A referral to a pediatric trauma center for further studies and input from trauma specialists is prudent. A head CT is the standard imaging technique to confirm head injury. A dilated retinal exam should be performed by an ophthalmologist, preferably one with pediatric experience. Other studies available include skeletal survey, MRI, abdominal CT and coagulation studies. When underlying medical conditions that may effect the patient’s presentation are suspected, consultation from subspecialty services, such as hematology, genetics or orthopedics should be obtained. Child abuse specialists (a subspecialty board certification for pediatricians will be available later this year) are increasingly available to provide assessments and make recommendations about work-up.
As mandated reporters, physicians who have a suspicion of abuse of a child are required to report those concerns to social services or the police. Communicating these issues to parents can be a difficult task. Starting from a place of empathy and concern for the health and safety of the child can be helpful. Stating “I’m worried someone may have hurt your child” is an objective and non-judgmental way to express your thinking. It is useful to explain to caregivers that you are legally required to report suspicions so that those with the appropriate authority can then look into the safety and welfare of the patient.
Primary care providers also are in a unique position to effect change through universal and secondary prevention strategies. Counseling parents about the difficulties of caring for a young infant, especially with regard to normal crying patterns, can help foster positive, non-violent coping strategies. Secondary prevention efforts should focus on identifying high risk issues such as substance abuse, family violence or mental health problems. Early intervention and referral for services can be valuable before abuse occurs.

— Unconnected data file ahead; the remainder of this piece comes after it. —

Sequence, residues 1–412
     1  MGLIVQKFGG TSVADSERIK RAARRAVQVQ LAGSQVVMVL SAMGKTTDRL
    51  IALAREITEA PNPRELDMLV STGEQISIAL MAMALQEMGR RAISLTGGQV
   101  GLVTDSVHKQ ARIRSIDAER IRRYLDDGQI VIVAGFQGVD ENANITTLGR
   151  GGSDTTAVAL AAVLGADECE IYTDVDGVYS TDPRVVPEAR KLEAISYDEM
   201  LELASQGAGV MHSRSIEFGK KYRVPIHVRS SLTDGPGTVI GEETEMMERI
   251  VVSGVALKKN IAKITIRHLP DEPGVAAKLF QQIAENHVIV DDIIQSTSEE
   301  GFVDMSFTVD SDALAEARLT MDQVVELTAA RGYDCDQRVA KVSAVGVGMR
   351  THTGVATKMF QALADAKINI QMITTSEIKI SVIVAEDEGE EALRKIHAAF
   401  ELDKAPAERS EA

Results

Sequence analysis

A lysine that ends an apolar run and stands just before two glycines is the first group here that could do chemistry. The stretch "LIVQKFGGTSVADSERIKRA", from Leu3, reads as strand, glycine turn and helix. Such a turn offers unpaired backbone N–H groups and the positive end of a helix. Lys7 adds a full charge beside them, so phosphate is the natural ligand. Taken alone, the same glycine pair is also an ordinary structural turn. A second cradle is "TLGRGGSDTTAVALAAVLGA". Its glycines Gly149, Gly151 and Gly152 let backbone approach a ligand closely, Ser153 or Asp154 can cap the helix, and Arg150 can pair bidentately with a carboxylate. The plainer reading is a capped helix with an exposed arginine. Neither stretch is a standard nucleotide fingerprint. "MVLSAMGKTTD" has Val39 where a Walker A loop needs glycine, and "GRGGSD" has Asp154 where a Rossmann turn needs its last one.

Pre-existing risk factors are commonly discovered in cases of child abuse. With regard to Baby M., the presence of prior bruising in a young infant should have prompted more intervention from the medical community. The recognition and reporting of high risk injuries in children are important and can prevent more severe injuries later. Take the time to address issues of abuse and neglect with your patient population. If you suspect child abuse or neglect, a report should be made to the county department of human services in which the patient resides. While it may not be a simple process, a life may be saved by your actions.
The American Academy of Family Physicians has clear policy statements regarding the care and reporting of abused or neglected children. The American Academy of Pediatrics (www.aap.org) is also an excellent resource for Continuing Medical Education opportunities and further training in the area of child abuse.
For more information on a Colorado-wide Shaken Baby Prevention program, visit
www.CalmACryingBaby.org or www.PreventChildAbuse.com/shaken.htm.
Families First : This website includes information about the services offered by Families First, a Colorado non-profit organization. Their services, which nurture children and strengthen families, include parent support groups, parent education classes, a children’s group, a family support line and residential treatments.